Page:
If you were a kid in the late 1970s and early 1980s you’ll no doubt remember the wonderyears of the videogame arcades. The thrills of the new technology that provided hours of fun for us young gamer geeks was mesmerising.
These were the Star Wars years. Science fiction had finally become mainstream and was in the mind of every kid. To be able to visit the arcades and drop a coin to blast everything to hell was the ultimate thrill. We were all Luke Skywalker and Han Solo.
But what was it about those days, the games and their magic that endures and why have we built our business around maintaining the ethos of those early, pioneering days in gaming?
This isn’t nostalgia. That’s important. Nostalgia is a fine thing but for us it’s much, much more than that.
Sure there’s a buzz in reliving and recreating the game thrills of our youth. There’s always an inevitable thrill in regressing as you get older. But the key thing here is that there are aspects to ‘retro’ gaming that are entirely relevant to the modern mobile gamer. Not least the ability to be able to pick up a game, have a ‘go’, succeed or fail and then put the game down in the knowledge that next time you pick it up the same challenges will be presented to you without the added blag of being repeatedly sold to.
Better yet you can be sure to test yourself against your (and your friends) past achievements via such mechanics as a high score table or achievements matrix.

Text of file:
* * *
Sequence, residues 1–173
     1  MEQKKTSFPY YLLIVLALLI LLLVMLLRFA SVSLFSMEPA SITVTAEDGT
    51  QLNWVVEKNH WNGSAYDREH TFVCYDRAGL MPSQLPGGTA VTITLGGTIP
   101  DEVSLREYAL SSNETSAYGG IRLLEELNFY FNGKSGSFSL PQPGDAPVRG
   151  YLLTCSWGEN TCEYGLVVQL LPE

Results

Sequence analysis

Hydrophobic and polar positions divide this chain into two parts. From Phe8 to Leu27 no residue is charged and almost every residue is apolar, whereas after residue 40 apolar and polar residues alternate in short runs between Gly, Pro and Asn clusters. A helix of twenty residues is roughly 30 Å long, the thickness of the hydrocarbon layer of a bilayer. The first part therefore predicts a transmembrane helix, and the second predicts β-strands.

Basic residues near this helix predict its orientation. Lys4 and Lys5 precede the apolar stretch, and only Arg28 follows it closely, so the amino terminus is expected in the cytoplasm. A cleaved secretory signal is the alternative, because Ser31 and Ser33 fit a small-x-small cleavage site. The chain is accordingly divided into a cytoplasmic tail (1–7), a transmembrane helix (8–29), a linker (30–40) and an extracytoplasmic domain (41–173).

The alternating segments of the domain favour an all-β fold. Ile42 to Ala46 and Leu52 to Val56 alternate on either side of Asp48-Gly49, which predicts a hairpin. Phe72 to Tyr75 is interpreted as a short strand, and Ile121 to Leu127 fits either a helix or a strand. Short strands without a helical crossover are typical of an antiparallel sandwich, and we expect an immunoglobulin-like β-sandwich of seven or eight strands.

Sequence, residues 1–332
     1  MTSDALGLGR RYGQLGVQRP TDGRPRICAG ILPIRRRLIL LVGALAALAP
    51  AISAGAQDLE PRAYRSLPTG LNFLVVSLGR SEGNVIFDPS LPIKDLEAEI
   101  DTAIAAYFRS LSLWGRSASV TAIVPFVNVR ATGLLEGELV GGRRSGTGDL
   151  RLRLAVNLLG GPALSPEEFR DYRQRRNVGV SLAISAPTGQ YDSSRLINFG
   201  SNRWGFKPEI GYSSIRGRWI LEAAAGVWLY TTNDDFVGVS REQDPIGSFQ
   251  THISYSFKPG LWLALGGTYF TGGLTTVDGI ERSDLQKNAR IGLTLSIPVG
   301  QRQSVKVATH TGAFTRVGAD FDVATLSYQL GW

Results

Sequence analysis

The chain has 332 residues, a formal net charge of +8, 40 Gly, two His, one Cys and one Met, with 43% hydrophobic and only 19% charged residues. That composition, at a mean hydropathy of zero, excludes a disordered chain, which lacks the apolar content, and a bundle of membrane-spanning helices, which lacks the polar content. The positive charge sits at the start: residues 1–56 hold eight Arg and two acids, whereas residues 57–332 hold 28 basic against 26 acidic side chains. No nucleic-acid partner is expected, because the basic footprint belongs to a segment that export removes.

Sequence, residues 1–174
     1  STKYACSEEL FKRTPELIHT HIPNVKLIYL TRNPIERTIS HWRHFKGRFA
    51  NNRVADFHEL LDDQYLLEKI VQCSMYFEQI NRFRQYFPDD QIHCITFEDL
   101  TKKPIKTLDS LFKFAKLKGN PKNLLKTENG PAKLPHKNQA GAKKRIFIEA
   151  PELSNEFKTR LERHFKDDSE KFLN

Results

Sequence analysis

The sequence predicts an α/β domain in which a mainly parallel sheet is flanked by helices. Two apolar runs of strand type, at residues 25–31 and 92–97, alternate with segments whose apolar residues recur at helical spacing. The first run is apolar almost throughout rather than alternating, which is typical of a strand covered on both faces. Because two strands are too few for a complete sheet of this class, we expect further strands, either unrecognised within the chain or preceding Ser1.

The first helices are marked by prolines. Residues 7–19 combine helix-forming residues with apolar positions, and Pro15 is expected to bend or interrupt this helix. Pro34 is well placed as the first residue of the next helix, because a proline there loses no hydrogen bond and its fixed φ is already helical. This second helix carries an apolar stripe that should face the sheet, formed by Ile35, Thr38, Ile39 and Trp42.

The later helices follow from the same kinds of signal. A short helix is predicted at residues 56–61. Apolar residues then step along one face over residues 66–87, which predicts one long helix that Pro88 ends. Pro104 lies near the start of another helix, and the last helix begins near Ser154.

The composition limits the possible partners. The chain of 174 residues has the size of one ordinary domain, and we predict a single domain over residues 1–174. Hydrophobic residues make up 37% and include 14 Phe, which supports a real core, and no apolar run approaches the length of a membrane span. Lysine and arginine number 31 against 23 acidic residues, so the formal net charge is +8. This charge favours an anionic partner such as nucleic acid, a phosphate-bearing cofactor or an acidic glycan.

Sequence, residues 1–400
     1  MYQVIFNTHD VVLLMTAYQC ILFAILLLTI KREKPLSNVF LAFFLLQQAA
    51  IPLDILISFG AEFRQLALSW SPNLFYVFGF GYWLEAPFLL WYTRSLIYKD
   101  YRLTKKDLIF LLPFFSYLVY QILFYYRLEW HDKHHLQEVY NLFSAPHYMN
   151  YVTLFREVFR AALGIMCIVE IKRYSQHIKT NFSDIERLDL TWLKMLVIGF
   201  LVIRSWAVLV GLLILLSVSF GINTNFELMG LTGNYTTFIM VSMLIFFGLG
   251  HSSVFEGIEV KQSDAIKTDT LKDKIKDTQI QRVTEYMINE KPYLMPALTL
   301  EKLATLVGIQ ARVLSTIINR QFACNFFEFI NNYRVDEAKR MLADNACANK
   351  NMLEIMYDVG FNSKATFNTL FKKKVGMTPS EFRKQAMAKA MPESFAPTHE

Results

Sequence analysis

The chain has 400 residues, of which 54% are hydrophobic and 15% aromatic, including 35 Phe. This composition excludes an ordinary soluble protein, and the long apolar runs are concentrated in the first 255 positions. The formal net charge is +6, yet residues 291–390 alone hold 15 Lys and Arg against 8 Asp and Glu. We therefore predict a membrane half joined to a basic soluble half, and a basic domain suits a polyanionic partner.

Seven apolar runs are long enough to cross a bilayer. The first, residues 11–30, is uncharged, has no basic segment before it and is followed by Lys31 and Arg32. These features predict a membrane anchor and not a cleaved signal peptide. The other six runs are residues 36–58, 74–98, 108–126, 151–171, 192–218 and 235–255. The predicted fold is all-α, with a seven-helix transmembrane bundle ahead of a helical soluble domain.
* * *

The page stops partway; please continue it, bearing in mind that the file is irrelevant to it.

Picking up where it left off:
It is indeed a decidedly retro thing. There’s a charm to it that has been somewhat eroded over generations of advancing technology. The limitations of a colour palette and small screen resolution forced some ingenious design decisions and pushed the artist in particular, into creating some wonderful effects.
Retro for us is Defender but it’s also Out Run or even Doom. Retro for you may be more relatively recent titles such as Grand Theft Auto 3. It matters not. The point is that there was a charm in the ingenuity of designing within limitations be they graphical or processor.
Mobile devices are phenomenally powerful in terms of their graphical capability and raw horsepower, but they come with their own challenges for designers in terms of their physical size and limited control options. This, for us, is hugely attractive as designers and artists.
We want to try and map aspects of the classic arcade game experience onto modern mobile gaming.
The modern game scene is driven by the desire to sell once and sell again actually within the game experience. We don’t much like this trend. Not necessarily because it wasn’t prevalent in the ‘golden days’ (you can be sure that if it was possible back then it would have been done) but because it’s a distraction from the thrill of the game.
Monetising your games is important from a business sense but ramming it down your audience’s throat is ugly and unattractive. If there’s one thing that annoys us as gamers it’s sitting down to enjoy a game only to be presented with a full screen advert and a tiny (X) to close and progress. For us it then becomes less about you the gamer and more about ‘we’ the business trying to earn a buck.